The haunting voice of Soham killer Ian Huntley was heard for the first time in 10 years after his leaked confession tapes were played on Good Morning Britain.
In the recordings, the warped former school caretaker apologised for murdering ten-year-olds Holly Wells and Jessica Chapman, back in 2002.
His voice cracked with emotion in the tape recorded behind bars.
Huntley is heard saying: ‘What I will say is that I am so terribly, terribly sorry for what I have done.
‘I know the people of Soham took me into their community, they trusted me, gave me a job and a home, and I betrayed them in the worst possible way.’
But viewers were furious with GMB for broadcasting the killer’s voice.
Minutes after the clips were aired, they took to Twitter to share their disgust.
The haunting voice of Soham killer Ian Huntley was heard for the first time in 10 years after his leaked confession tapes were played on Good Morning Britain
One fumed: ‘Really poor taste.’
While another questioned: ‘Why are GMB even giving Ian Huntley air time!?’
A third raged: ‘GMB who cares what Ian Huntley thinks and feels? What about those poor girls lives he took away, also the families life! Keep him out of the lime light!’
Another wrote: Listen there are certain things you can say sorry for… but not murder. Ian Huntley is a beast.’
One viewer tweeted: ‘Listening to the recording of Ian Huntley and his apology. I don’t believe it, it sounds rehearsed and extremely fake.
‘No mate, if those girls were my daughters, I’d want blood. #GMB’
The recordings, leaked in full to the Sun, hear Huntley apologise to his victims’ families and his own loved ones.
He said: ‘And I am sorry for what I have done, sorry for the pain I have caused to the families and friends of Holly and Jessica, for the pain I have caused my family and friends, and for the pain I have caused the community of Soham.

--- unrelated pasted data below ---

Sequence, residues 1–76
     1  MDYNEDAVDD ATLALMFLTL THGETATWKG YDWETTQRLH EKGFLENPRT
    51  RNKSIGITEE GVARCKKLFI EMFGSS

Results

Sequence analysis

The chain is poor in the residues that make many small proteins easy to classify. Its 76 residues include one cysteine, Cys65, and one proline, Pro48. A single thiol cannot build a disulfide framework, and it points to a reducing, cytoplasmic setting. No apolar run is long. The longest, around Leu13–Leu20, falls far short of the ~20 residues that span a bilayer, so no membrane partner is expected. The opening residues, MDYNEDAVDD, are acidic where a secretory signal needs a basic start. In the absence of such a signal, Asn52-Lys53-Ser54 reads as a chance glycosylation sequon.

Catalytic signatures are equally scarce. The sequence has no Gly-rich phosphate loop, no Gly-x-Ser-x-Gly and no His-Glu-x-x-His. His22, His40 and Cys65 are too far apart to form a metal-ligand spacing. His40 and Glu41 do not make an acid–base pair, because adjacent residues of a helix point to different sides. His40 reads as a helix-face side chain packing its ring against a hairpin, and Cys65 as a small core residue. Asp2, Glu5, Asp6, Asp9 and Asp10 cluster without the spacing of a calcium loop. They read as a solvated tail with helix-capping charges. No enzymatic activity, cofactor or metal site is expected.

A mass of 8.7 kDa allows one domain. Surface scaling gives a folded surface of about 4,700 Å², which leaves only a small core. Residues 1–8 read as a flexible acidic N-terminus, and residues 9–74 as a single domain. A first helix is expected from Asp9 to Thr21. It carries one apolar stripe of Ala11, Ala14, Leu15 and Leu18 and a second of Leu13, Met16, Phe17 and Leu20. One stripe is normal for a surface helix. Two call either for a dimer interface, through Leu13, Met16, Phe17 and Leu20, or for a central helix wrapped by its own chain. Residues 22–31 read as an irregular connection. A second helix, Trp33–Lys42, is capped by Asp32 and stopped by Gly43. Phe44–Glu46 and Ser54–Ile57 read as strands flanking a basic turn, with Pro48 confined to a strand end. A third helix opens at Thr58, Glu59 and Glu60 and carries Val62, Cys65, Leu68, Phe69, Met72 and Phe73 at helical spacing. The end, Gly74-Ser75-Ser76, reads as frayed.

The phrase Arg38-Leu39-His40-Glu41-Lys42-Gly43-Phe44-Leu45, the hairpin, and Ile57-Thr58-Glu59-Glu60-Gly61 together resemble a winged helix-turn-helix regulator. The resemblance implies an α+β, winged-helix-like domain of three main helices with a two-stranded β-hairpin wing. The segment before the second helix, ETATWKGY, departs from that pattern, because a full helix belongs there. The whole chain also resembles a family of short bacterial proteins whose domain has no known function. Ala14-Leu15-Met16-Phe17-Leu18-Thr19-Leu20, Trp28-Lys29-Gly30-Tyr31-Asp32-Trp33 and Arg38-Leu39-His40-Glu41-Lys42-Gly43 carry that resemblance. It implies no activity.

‘I am genuinely, genuinely sorry and it breaks my heart when it is reported I have no remorse, that I relish something. I do not.’
He added: ‘I can’t change anything. I cannot remove that day from history, what I have done. I know those girls would be 26 this year with families of their own, jobs and lives.
I thought about them when they were turning 21 and when they were turning 18. I know no matter what I say that people are not going to think any better of me … but I would much rather people have the truth about how I feel. I have nothing to gain by saying these things.
‘I know I am never getting out. I have accepted that from day one.’
Huntley said he does not want to be freed from prison and had allegedly heard about the plan to release taxi rapist John Worboys.
He insisted he will not apply for parole out of ‘consideration’ for his victims’ families.
‘I accepted a long time ago my life was in jail,’ he said. ‘I don’t really think about getting out, it is a non-starter. I hear about other prisoners coming up for parole. That makes you think a bit.
‘I will never apply for it. I want it made quite clear that I never ever, despite legal advice, thought about appealing against [my] sentence.
‘Because I did not want to cause the families any more pain, I did not want to prolong things.
‘I will never ever apply to leave prison. Never ever apply for parole. I will die in prison. I accept that.’ He added: ‘I don’t believe I should be free. Not because I believe I am a danger but because two young girls are dead and I do not deserve to be released.’
Best friends Holly Wells (left) and Jessica Chapman (right) were murdered by Ian Huntley in 2003 in Soham, Cambridgeshire
Huntley murdered the two girls at his home in Soham, Cambridgeshire. They had been at a family barbecue in August 2002, when they left to walk to a nearby sweet shop. Their bodies were found nearly a fortnight later, around 14 miles away in a ditch near Lakenheath, Suffolk.
Holly and Jessica’s families were subjected to a full court hearing in 2003 because Huntley refused to plead guilty.
He was later sentenced to two life terms, with a minimum 40-year tariff at the maximum security Frankland prison in Durham.